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becke_davis
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American Mystery Classics

[ Edited ]

Thanks to a suggestion by Fricka, I'm starting a new feature for the last week of every month, called AMERICAN MYSTERY CLASSICS.

 

Every month we'll focus on a different American author of mystery classics, starting this month with EDGAR ALLAN POE:

 

The Complete Tales and Poems of Edgar Allan Poe (Barnes & Noble Leatherbound Classics)  

 

 

 

 

 

 

 

 

Here is my proposed schedule - please add comments and suggestions. (You may not know who Craig Rice is, but that's one reason I'd like to feature her.)

 

January: ERLE STANLEY GARDNER (aka A.A. FAIR)

 

February: CRAIG RICE

 

March: DASHIELL HAMMETT

 

April: FRANCES AND RICHARD LOCKRIDGE

 

May: DORIS MILES DISNEY

 

June: ED MCBAIN and CHARLOTTE ARMSTRONG (since Becke messed up)

 

July: FREDERICK DANNAY AND MANFRED BENNINGTON LEE (aka ELLERY QUEEN)

 

August: REX STOUT

 

September: *NOTE CHANGE* Mary Roberts Rinehart (by popular request)

 

October: IRA LEVIN

 

November: *NOTE CHANGE* JOHN D. MACDONALD

 

December: RAYMOND CHANDLER

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dulcinea3
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Re: American Mystery Classics

This sounds like fun, Becke!!!

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Fricka
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Re: American Mystery Classics


dulcinea3 wrote:

This sounds like fun, Becke!!!


ditto, dulcinea3!

 

Great list, becke. I spotted several of my favorite American mystery writers, including Erle Stanley Garner(author of the Perry Mason books, without whom we would never have gotten the great TV series with Raymond Burr as Perry!), Dashiell Hammett( The Maltese Falcon), Ellery Queen, and Raymond Chandler. Some of the other names are not familiar to me, so I'm looking forward to learning more about them and their books.

" A murder mystery is the normal recreation of the noble mind."--Sister Carol Anne O' Marie
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eadieburke
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Re: American Mystery Classics

Becke:

 

I like the idea of the classics - Looking forward to reading them!

Eadie - A day out-of-doors, someone I loved to talk with, a good book and some simple food and music -- that would be rest. - Eleanor Roosevelt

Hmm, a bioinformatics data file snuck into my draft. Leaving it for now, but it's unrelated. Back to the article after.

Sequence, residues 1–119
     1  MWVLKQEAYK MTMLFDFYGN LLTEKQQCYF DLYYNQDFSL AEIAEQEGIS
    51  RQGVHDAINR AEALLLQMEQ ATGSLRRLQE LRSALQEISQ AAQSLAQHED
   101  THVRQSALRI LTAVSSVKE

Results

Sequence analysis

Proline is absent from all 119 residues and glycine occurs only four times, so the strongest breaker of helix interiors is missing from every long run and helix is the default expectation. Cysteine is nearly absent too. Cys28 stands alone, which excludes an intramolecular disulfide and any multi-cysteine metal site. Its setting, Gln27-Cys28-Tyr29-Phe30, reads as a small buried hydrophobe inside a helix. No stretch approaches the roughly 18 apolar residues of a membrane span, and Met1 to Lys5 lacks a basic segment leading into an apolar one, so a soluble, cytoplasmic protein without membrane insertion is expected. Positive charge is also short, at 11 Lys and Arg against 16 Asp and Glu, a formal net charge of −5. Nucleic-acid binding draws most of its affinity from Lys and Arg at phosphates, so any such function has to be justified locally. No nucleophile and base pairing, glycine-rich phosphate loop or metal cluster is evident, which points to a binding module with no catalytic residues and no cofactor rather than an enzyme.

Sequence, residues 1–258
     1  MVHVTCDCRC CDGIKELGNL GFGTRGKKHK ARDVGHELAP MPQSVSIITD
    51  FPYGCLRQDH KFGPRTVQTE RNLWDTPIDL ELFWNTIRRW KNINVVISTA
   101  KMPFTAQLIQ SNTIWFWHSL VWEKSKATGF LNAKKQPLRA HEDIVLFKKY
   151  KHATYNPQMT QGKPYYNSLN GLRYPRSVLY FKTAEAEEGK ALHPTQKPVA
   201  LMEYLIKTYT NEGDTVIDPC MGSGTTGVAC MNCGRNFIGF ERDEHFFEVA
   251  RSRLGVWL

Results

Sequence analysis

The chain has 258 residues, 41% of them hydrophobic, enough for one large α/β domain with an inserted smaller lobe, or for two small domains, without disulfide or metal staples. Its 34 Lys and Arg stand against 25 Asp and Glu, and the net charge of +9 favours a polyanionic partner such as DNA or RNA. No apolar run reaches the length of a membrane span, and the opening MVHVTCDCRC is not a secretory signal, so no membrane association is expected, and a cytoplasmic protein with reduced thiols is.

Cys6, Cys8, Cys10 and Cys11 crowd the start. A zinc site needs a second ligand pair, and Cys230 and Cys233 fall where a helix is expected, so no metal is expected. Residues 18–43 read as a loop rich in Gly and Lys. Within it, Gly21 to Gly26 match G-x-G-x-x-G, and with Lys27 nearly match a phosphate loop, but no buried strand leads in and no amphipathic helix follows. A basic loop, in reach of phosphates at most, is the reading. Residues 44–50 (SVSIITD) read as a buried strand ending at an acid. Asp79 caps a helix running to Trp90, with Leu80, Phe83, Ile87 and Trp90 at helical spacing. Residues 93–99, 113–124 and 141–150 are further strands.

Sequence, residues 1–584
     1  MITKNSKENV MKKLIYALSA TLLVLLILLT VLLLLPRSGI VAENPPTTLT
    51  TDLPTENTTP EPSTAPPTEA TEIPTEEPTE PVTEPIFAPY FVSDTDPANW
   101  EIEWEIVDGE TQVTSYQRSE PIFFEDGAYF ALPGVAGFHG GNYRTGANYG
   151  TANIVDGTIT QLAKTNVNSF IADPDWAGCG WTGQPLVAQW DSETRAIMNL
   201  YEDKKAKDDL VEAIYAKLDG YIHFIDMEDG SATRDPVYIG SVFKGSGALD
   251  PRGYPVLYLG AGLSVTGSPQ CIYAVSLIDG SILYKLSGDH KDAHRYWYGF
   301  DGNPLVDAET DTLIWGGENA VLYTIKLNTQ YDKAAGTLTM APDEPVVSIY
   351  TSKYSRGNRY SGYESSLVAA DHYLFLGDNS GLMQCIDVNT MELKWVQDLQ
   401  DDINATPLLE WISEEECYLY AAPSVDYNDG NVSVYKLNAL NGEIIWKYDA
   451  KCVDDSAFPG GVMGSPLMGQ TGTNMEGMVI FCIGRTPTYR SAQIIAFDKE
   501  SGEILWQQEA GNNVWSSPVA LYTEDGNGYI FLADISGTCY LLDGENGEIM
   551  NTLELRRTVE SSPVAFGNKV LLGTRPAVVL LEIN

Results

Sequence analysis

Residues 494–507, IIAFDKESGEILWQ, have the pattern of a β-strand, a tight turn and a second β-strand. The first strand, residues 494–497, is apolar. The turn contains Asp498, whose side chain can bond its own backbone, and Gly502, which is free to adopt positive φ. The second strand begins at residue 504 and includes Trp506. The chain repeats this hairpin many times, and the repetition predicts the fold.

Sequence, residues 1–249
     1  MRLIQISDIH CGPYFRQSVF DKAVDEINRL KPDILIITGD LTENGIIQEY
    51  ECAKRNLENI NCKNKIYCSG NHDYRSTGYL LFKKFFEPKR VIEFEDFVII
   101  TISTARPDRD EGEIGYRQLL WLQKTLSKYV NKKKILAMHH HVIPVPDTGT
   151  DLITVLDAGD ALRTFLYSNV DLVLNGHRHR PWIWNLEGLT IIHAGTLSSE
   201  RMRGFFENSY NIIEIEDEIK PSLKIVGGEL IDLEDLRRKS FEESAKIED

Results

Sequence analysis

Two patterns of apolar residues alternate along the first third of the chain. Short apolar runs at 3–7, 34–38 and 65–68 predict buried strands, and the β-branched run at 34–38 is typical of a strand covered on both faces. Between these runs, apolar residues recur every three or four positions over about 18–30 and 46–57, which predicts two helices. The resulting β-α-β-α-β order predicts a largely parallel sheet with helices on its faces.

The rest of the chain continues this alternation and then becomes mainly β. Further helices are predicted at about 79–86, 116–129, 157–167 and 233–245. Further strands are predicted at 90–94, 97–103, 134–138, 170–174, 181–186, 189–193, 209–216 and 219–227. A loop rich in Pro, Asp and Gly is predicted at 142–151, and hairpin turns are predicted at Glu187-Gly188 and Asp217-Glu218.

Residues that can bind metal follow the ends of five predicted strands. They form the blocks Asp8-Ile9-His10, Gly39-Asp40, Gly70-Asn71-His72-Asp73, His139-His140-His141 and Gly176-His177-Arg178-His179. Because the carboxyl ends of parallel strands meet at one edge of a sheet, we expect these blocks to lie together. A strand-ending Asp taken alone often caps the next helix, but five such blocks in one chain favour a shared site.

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basson_mommy12
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Re: American Mystery Classics

Thanks to Becke for the lovely book in the mail the other day, I get to read an Erle Stanley Gardner Perry Mason story for the first time, ever! Yay!

The Case of the Singing Skirt  I am very excited about it! Thanks again, Becke!

"The Answer to the Great Question of ... Life, the Universe and Everything ... (is) 42." -- Douglas Adams' "The Hitchhiker's Guide to the Galaxy"

Ruth W.
Grand Rapids, MI
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becke_davis
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Re: American Mystery Classics


basson_mommy12 wrote:

Thanks to Becke for the lovely book in the mail the other day, I get to read an Erle Stanley Gardner Perry Mason story for the first time, ever! Yay!

The Case of the Singing Skirt  I am very excited about it! Thanks again, Becke!


I hope you like it!

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maxcat
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Re: American Mystery Classics

Sounds like a good idea, Becke. I guess I better brush up on Perry Mason books.

The woods are lovely, dark and deep, but I have promises to keep and miles to go before I sleep - Robert Frost
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becke_davis
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Re: American Mystery Classics


maxcat wrote:

Sounds like a good idea, Becke. I guess I better brush up on Perry Mason books.


I've picked up copies of a few I haven't read. They're at the top of my TBR pile, after I read the rest of our guest authors' books.

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Fricka
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Re: American Mystery Classics

I've got a copy of The Case of the Missing Heiress on request. I was in the library the other day, and was disappointed that none of the Perry Mason books was on the shelves. Thank goodness the books are still in the library system, though, so I was able to order one of the books to be sent to my branch library.

" A murder mystery is the normal recreation of the noble mind."--Sister Carol Anne O' Marie
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becke_davis
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Re: American Mystery Classics


Fricka wrote:

I've got a copy of The Case of the Missing Heiress on request. I was in the library the other day, and was disappointed that none of the Perry Mason books was on the shelves. Thank goodness the books are still in the library system, though, so I was able to order one of the books to be sent to my branch library.